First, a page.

There's been a lot of focus on bullying and efforts to stop or diminish bullying in our school systems in the last few years including
With a new school year upon us, perhaps it’s a good time to revisit ways to help your child protect themselves from bullying at school and elsewhere.
A few of the best changes on the bullying front have been to:
- Take the focus off of “bullying” per se and put it on creating a “safe school climate” for all students and adults instead.
- Require schools to deal with abusive acts even if they occur off school grounds (i.e. cyber-bullying).
- Require the schools to notify the parents of both the bully and the victim of the issue.
All steps in the right direction, but I’m a firm believer that parents should not simply rely on the schools to handle the situation. Parents should take proactive steps to teach their children how to deal with bullying and other abusive situations. Here are a few guidelines to get you started:
Help your child learn to be assertive.
Bullies predominantly pick on people who display “victim” type behavior. Looking down at the floor all the time, weak voice, slumped shoulders and small shuffling steps are typical behaviors of children who have the “victim” mentality. These are learned behaviors. Children simply are not born this way. Encourage your child to keep their chin up, look into the eyes of whomever they are speaking with, speak in a strong confident voice and walk with confidence. If your child has problems in these areas, character building activities like the martial arts are excellent for overcoming the “victim mentality.”
Make sure your child is comfortable talking with you about important issues.
In my Life Coaching practice, I’ve had parents come to me bewildered as to why their children wouldn’t come to them to discuss important issues like being abused at school, drugs and relationships. Through further discussions with the children and the parents, I find out that the parents regularly yell and scream at their children, demean them by using phrases such as “What’s wrong with you?” and “Why can’t you get anything right?”, excessively punish them, etc. Is it any wonder that these children would be uncomfortable and even afraid to discuss things with their parents? They have learned what to expect from such conversations. Parents, learn to control your own fears and emotions and have open, calm and supportive discussions with your children. This will go a long way toward them trusting you enough to discuss the really important issues in their lives.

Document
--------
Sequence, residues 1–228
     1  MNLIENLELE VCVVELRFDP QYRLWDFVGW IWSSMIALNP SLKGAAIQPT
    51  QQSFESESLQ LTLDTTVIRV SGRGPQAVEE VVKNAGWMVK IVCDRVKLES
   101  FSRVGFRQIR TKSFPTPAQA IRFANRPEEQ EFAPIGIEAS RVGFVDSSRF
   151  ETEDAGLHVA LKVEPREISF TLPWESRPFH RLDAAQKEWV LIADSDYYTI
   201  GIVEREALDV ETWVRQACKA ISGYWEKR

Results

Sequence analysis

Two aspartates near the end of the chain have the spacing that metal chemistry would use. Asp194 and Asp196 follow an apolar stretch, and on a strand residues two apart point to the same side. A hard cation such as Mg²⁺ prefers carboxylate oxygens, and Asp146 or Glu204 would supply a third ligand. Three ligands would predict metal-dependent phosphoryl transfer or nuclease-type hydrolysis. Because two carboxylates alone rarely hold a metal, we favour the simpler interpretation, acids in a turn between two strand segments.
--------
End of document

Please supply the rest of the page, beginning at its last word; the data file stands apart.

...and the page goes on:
Role Play with your children
Role playing is a great way to help kids learn new skills and show them new options. Try giving your child responses to various types of bullying situations. Give them stock phrases to respond with if necessary. Be sure that every scenario ends with your child telling you about the incident. This is crucial — children should not be left to deal with these issues themselves. If the situation warrants, the parent should then contact the school (and never the parents of the bully). For ideas on how to respond to various situations, see my Patch article titled
Teach your children how to safely use the Internet
You didn’t simply hand your child their first bicycle and say “go figure it out for yourself,” did you? Of course not. Their first bike had training wheels, and then when you took those off you stood beside them holding on to the bike. Next you would let go for a few moments while running beside them and finally, you let them off on their own. The Internet is no different. Teach your children how to use it safely. If you don’t know, then learn! That’s part of being a parent. The Internet is not evil, but it has the potential to be dangerous, just like a bicycle. With just a little bit of help, your child will be able to navigate the Internet safely and reap the rich rewards it has to offer. For ideas around this topic, see my Patch article .